10.4 Colour! How do these colours make you feel? Colour moods • Different colours can affect how we feel: • RED can make people angry • ORANGE is a happy colour • YELLOW is a cheerful colour • GREEN is calming • BLUE is a cool but restful colour • Do you agree? Write a list of colours at the back of your books and next to them, write what they make you feel.
Learning Outcomes • Today you will: • Draw a diagram to show the different colours that make up white light • Plan and carry out a presentation about how the different theories of what makes up white light
Memorise these. You have 30 seconds. GO! • Today you will: • Draw a diagram to show the different colours that make up white light • Plan and carry out a presentation about how the different theories of what makes up white light
What was Learning Outcome 2? 2. Plan and carry out a presentation about how the different theories of what makes up white light
Lesson Objective To be able to explain how white light can be dispersed into 7 different colours, according to their wavelengths.
Let’s watch a demo. What colour is the light that we see ‘come out’ of a light bulb? What colours do we see in a rainbow?
10.4 Dispersing light Dispersion Breaking up white light You’ve just seen how a prism can break up white light into 7 colours. This breaking up of white light is called dispersion. The prism disperses the light. KEY WORD ALERT!
10.4 Dispersing light Dispersion Colours This breaking up of white light is called dispersion. The prism disperses the light. When white light is broken up like this the 7 colours are always in the same order. top RED ORANGE YELLOW GREEN BLUE INDIGO VIOLET bottom
10.4 Dispersing light ROY GBIV Colours How can you remember the order? There’s the famous spy: ROYGBIV Or a defeated British king: Richard Of York Gained Battle In Vain See if you can think of your own.
10.4 Dispersing light Rainbows Colours You can see the order in this rainbow.
10.4 Dispersing light Wavelengths Why does light disperse like this? Remember that light is a wave. wavelength The size of a wave is measured from one peak to the next and is called its wavelength. KEY WORD ALERT!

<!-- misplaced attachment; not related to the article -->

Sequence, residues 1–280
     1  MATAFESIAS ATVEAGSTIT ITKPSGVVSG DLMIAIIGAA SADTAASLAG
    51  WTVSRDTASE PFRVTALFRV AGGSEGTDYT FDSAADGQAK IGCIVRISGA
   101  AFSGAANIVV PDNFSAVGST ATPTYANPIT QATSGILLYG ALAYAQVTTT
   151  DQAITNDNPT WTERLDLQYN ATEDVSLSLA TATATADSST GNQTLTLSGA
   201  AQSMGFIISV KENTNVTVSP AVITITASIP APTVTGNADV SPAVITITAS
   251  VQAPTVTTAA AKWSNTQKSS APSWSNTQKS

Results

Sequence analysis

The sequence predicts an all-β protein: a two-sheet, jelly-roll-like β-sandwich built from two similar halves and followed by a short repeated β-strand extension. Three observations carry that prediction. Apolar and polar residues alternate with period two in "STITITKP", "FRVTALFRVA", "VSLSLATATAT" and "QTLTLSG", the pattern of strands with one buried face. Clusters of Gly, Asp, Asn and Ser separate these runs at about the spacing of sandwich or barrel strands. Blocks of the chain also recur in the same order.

10.4 Dispersing light Wavelength and Dispersion Why does light disperse like this? White light is made up of all the colours of the rainbow. Each colour has its own wavelength. Red has the longest and violet has the shortest wavelength. CAN SOMEONE PLEASE SHOW ME WHERE I WOULD MEASURE THE WAVELENGTH ON THESE DIAGRAMS?
10.4 Dispersing light Wavelength and Colour Why does light disperse like this? When light enters a glass prism it slows down. But the shorter wavelengths slow down most and so bend more sharply. Blue is a short wavelength. Red is the longest one.
10.4 Dispersing light Blue Bends Best Why does light disperse like this? As each wavelength, or colour, slows down at a different rate it therefore has a different angle of refraction to the rest. This means the different colours spread out. REMEMBER! Blue bends best. KEY PHRASE ALERT!
10.4 Dispersing light Spectrum of Colour Why does light disperse like this? The shape of the prism means they spread out even more on leaving the prism. You may see a small spectrum with a rectangular glass block but the colours do not spread out as much. KEY WORD ALERT!
IN YOUR BOOK, COPY AND COMPLETE THE DIAGRAM ABOVE TO SHOW WHITE LIGHT DISPERSING INTO IT’S 7 COLOURS. COLOUR IN THE SPECTRUM ON THE RIGHT TO SHOW THE SPECTRUM OF COLOUR. REMEMBER: ROYGBIV!
SWAP BOOKS, LOOK AT THE ANSWER ABOVE, AND GIVE YOUR PARTNER TWO STARS AND A WISH. STARS = WHAT WENT WELL WISH = WHAT THEY COULD IMPROVE FOR NEXT TIME
Let’s watch a demo. So we know how to split white light into it’s seven colours. Can we turn these colours back into white light? How?
10.4 Dispersing light Making white light again Recombining colours When a second prism is added ‘upside down’ the dispersion of the second prism is in the opposite direction to the original dispersion. White light is formed again.
10.4 Dispersing light Making white light again Recombining colours Look carefully. The two triangular prisms form a parallel-sided glass block. We didn’t see dispersion when we passed a ray of light through a rectangular glass block.
10.4 Dispersing light Making white light again Spinning disc The image stays on the retina at the back of the eye for about 1/10 of a second. When the disc spins very fast all the colours of the rainbow appear on the retina together. The colours all combine to form white light.